One piece of legislation this year which attracted much interest is House Bill 1804. HB 1804 is the immigration reform bill sponsored by Representative Randy Terrel (R-Moore). This bill is viewed as one of the most aggressive pieces of state legislation in the nation dealing with immigration reform.
A few weeks ago after much debate, the bill passed the house on a vote of 88-9. It is now in the hands of the Senate where it appears it faces a strong challenge. Some may wonder what changed between house passage and senate consideration to make the bill more vulnerable.
A key point of contention appears to be an attempt in the bill to hold employers accountable for hiring illegal aliens. The idea is that if employers stop being complicit in offering jobs to illegals, then illegals seeking employment will re-channel their energies into securing legal status.
The bill requires any business working under a state contract to verify social security numbers of their perspective employees in order to ensure they are legal. The bill encourages other businesses (those not under state contract) to verify social security numbers of perspective employees through the following means--it allows American employees who are terminated at a business which does not verify social security numbers to file an action with the Department of Labor if they were terminated while an illegal alien remains on that business payroll.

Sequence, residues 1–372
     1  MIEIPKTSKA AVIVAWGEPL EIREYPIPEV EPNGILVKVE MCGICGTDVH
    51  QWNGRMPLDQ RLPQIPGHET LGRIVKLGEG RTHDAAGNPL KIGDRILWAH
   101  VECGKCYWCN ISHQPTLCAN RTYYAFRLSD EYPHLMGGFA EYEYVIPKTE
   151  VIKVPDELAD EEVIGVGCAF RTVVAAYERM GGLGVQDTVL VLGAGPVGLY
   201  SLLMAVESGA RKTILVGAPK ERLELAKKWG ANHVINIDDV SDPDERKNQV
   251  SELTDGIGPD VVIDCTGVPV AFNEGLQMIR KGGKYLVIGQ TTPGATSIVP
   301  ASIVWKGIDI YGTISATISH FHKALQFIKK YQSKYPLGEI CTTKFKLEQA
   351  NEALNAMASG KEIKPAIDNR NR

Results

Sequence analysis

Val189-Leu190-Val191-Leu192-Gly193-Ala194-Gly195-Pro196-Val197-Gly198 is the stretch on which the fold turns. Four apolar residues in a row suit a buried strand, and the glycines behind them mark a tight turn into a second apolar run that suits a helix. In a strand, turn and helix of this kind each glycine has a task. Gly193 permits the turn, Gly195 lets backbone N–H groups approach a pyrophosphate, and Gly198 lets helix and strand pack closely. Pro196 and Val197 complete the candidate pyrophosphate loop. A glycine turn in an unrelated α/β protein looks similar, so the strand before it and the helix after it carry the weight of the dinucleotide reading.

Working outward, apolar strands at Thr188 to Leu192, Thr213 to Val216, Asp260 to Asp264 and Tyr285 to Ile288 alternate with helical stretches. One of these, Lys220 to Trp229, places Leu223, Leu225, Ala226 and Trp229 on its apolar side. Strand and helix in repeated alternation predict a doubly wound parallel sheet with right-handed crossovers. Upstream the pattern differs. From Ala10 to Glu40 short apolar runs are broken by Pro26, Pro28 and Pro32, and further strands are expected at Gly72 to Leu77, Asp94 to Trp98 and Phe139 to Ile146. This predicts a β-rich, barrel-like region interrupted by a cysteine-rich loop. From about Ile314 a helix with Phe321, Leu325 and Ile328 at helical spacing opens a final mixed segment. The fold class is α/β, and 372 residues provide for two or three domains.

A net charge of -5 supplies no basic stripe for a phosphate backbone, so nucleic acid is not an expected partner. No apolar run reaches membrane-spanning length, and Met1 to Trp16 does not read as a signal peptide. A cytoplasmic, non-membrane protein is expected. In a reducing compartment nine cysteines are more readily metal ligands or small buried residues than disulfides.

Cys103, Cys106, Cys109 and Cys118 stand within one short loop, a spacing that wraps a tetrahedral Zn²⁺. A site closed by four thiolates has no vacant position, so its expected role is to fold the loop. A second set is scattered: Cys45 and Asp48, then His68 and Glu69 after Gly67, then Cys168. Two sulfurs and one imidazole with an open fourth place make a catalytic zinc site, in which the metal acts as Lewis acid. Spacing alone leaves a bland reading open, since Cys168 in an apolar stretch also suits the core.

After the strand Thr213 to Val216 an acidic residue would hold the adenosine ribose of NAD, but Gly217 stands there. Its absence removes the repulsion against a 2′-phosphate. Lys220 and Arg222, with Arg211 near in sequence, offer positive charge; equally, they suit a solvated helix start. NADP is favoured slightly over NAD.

It is this provision that seems to have drawn the wrath of the Research Institute of Economic Development (RIED). Each year RIED publishes an index that grades legislators on how friendly they are to business interests. Each issue is graded on a scale of -20 to +20. In one of their latest updates, RIED indicated they will be grading immigration reform as a -20 vote. In other words, any lawmaker who votes for immigration reform will likely have a very hard time getting a real strong REID index score.
This is why immigration reform may face an uphill climb in the Senate. If the bill does pass the Senate, it may be a watered-down version which may not prevent employers from turning a blind eye to illegal immigration in their hiring practices. The sad reality of the situation dictates that unless we dry up the jobs, then illegal immigration will probably continue to be a major problem.